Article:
Thursday, May 5, 2011

Measles in Bucks County

I just received a Bucks County alert that there may be 3 cases of measles that could have exposed other people while infectious.  So if anyone out there is not immune or your kids are not immune... you may want to watch out or get vaccinated.  We may be seeing more of these alerts as more people refuse the vaccination.  See below for the press release.  Also for more information on measles you can click here.







Contact: Chris Edwards or Ann Machesic
215-348-6415
FOR IMMEDIATE RELEASE May 5, 2011
NEWS RELEASE
COUNTY HEALTH DEPARTMENT IDENTIFIES THREE
PROBABLE CASES OF MEASLES
The Bucks County Health Department has identified three probable cases of measles that could
have exposed other persons while infectious. For most people, measles is not a serious illness.
However, in some cases it can cause severe illness. Complications from measles can include ear
infection, diarrhea, pneumonia, and encephalitis. All three probable cases in Bucks County were
at least partially vaccinated.

Possible measles exposures could have occurred at the following times and locations:
  • Saturday night, April 30, at the Murder Mystery Dinner at the Cock and Bull Restaurant in Peddler’s Village, Lahaska;
  • Saturday, April 30, between the hours of 11 a.m. and noon at the Parx Casino blackjack tables.


If you attended one of these locations during the time specified, and are susceptible to the virus,
you are asked to watch out for symptoms of measles between now and May 17. What should you
do if you develop symptoms of measles? If you develop a rash and/or fever, do not attend public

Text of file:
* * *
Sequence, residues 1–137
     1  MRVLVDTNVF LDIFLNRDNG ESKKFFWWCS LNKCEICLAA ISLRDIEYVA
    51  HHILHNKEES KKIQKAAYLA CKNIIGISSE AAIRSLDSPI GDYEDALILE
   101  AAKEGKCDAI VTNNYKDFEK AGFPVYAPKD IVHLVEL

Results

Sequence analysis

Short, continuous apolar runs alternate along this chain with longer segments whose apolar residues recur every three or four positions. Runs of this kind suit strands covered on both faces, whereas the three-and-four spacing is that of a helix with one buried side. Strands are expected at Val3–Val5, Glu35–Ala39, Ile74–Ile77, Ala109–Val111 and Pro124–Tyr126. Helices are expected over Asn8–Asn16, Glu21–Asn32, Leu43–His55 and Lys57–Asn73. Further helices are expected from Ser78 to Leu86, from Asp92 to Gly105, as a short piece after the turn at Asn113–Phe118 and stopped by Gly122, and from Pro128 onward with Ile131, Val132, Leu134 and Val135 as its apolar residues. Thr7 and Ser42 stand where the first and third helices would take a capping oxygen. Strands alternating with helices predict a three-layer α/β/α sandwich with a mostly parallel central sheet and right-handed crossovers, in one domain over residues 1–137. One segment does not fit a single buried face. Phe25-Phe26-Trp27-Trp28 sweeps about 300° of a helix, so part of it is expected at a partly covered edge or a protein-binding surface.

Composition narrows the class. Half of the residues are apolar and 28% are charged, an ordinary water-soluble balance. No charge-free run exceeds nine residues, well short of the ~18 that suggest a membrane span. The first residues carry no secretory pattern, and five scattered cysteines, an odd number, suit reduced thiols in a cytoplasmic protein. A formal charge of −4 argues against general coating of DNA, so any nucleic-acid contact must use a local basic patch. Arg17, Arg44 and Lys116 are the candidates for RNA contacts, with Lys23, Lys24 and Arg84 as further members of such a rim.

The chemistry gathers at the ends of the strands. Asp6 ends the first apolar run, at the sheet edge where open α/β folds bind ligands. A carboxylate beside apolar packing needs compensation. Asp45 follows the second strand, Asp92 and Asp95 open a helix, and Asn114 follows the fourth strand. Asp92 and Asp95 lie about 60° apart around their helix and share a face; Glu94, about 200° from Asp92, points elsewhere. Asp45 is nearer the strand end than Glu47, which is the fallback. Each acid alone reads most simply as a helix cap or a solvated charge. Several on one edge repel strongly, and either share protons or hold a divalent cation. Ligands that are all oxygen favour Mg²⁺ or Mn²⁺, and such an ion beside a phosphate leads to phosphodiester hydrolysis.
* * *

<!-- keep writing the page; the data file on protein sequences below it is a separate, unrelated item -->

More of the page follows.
places (such as work, school, childcare, shopping or public transportation until you see a doctor
and are sure you don’t have measles). If you suspect you have measles, call your physician
before you go and let him/her know that you may have been exposed to measles.

Most people in the United States are immune to measles, either because they received the
Measles Mumps Rubella (MMR) vaccine in childhood, or because they were exposed to measles
in the pre-vaccine era (before 1957). Infants less than one year of age are too young to have
received the MMR vaccine.

The public should be aware that measles is caused by a highly contagious virus. Symptoms will
begin one to two weeks after exposure and include a runny nose, watery eyes, cough and a high
fever. After four days, a raised, red rash starts to spread on the face, down the body and out to
the arms and legs. The rash usually lasts four to seven (4-7) days. An individual with measles can
spread the virus to others for four days before and four days after the rash begins.
The probable cases here in Bucks County were exposed to French foreign exchange students
who were symptomatic for measles, but returned to their native country prior to testing. There
is currently a major measles outbreak in France. The probable cases live in the Council Rock
School District, and the affected schools and their students are being notified. Children who have
not been vaccinated will be removed from the schools until the possible incubation period of
illness is over.

Dr. David Damsker, director of the Bucks County Department of Health, notes that this
situation “shows more than ever the importance of vaccinating your family. Diseases that are rare in the U.S. are
still circulating around the world, and are only a plane flight away. This is another reminder to
check with your physician and make sure you and members of your family are up-to-date on their
vaccinations.”


Commissioners’ Office of Public Information * 55 East Court Street, Doylestown PA 18901
215-348-6415 * www.BucksCounty.org
County Commissioners
Charles H. Martin, Chairman
Robert G. Loughery, Vice-Chairman
Diane M. Ellis-Marseglia, LCSW

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